Migrants faced Croatian police Sunday in a corn field at the border between Serbia and Croatia where they have been crossing since mid-September. Tensions rose as the Croatian police deployed along the boundary to stop them.
Another group were roaming in a nearby field in a bid to cross.
The flow of migrants through the Balkans toward Western Europe has slowed down significantly as Slovenia agreed to accept only about 2,500 people a day, far less than the number of migrants arriving from Croatia. Croatia has then blocked migrants from Serbia.
A Czech aid volunteer says some 2,000 migrants waiting to cross from Serbia to Croatia are exhausted and lacking supplies.
Jan Pinos, from a Czech volunteer group helping migrants, has compared the crowded border crossing between the two Balkan countries to a "dam on the river."
Thousands were stranded in Serbia and Croatia Sunday after Hungary closed its border with Croatia pushing the flow to a much slower route via Slovenia.
Pinos says "the new system ... the new flow of the river of refugees through Slovenia does not work yet." He adds "the capacity of this new journey is not enough."
Slovenia has said it will only take in 2,500 people a day, leaving many waiting to move on. Pinos says refugees "have been waiting here for many hours and they are exhausted."
Bishops from the Church of England are urging the government to accept more Syrian refugees, arguing that Britain's response to the crisis has been inadequate.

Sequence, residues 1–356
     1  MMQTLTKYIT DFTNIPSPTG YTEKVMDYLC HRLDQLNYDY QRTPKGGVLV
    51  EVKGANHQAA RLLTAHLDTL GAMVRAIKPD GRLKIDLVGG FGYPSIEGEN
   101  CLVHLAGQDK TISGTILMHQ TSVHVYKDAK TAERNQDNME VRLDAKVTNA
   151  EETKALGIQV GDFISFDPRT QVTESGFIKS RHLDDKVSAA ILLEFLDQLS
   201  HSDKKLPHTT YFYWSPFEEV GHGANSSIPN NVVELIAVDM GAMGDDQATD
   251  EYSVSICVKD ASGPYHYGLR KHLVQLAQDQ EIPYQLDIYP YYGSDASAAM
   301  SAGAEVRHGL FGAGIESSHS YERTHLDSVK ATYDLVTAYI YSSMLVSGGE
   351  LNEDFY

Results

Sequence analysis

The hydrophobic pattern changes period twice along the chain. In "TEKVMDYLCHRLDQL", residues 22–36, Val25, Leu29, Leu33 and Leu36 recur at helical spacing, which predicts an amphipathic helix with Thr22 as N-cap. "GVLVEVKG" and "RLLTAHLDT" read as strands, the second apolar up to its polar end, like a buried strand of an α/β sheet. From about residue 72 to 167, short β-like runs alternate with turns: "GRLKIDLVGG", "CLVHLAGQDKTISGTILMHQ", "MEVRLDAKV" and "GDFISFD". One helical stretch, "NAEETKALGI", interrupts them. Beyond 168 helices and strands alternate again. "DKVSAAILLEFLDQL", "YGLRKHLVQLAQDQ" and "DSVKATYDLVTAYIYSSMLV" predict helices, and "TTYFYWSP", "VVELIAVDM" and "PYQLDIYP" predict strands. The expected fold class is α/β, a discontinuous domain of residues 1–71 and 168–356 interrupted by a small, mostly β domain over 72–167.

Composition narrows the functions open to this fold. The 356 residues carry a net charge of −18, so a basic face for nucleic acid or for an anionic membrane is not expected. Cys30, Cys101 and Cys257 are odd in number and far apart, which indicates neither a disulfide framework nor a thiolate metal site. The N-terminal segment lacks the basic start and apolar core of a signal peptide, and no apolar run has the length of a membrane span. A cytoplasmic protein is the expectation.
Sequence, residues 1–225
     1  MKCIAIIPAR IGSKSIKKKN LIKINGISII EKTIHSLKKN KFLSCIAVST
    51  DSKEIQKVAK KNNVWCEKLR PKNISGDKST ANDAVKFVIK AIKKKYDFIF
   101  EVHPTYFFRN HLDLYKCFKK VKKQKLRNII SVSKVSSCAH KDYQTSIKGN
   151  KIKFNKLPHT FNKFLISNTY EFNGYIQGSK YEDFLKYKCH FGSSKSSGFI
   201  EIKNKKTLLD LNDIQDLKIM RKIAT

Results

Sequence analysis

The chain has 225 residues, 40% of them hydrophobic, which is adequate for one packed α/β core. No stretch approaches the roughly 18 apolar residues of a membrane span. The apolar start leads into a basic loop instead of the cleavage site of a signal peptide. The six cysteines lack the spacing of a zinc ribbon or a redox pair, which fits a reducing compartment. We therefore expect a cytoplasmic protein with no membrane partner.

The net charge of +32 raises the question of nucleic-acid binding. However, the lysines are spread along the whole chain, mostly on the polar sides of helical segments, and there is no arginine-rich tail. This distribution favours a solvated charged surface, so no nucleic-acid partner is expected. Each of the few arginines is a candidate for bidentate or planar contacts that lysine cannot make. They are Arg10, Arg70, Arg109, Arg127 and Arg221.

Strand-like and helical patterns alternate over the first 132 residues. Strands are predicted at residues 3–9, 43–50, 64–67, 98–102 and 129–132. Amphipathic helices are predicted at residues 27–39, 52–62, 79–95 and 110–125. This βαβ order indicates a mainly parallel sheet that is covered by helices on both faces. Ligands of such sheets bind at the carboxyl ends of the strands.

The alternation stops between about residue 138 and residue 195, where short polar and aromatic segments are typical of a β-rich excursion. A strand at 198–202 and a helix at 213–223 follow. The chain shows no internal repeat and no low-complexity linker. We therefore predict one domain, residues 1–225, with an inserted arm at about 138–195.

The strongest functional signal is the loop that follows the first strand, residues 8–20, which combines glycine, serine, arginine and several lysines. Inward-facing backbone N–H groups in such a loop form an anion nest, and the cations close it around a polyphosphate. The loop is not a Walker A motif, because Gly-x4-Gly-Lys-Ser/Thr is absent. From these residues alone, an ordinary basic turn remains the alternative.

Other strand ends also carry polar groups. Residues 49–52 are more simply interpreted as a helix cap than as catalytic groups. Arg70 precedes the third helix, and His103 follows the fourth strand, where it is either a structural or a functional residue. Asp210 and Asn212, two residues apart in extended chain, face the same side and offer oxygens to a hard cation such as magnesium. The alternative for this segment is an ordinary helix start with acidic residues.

More than 80 bishops have written to Prime Minister David Cameron calling for the country to accept as many as 50,000 refugees — 30,000 more than already pledged.
They wrote that "it would be a meaningful and substantial response to the scale of human suffering we see daily."
The bishops sent the letter to Cameron in September, but released it publicly after failing to receive what they described as an adequate response.
Defense Secretary Michael Fallon on Sunday defended the government's actions on Syria, telling the BBC's Andrew Marr program it had spent more than $1 billion pounds ($1.5 billion) to support refugees in camps near Syria.
The head of a union representing German police says he favors building a fence on the country's border, something that Chancellor Angela Merkel has said repeatedly wouldn't work.
Rainer Wendt, head of the German Police Union, was quoted Sunday as telling the Welt am Sonntag newspaper that "if we want to conduct serious border controls, we must build a fence along the German border. I am in favor of our doing this."
Wendt argued that if Germany closed its border with a fence, Austria would close its border with Slovenia and said "we need precisely this effect."
Merkel's government faces increasing pressure to limit the influx of migrants as Germany struggles to house newcomers. Wendt argued that "someone must pull the emergency brake now — that can only be Angela Merkel."
Hungarian officials say no migrants have breached the fence Hungary has built on its border with Croatia on the first day since the border was closed.
Hungary decided to shut its border with Croatia to the free flow of migrants on Saturday, after erecting a fence protected by coils of razor wire, police and soldiers on long stretches of the boundary between the two countries. Hungary finished a similar fence its border with Serbia last month.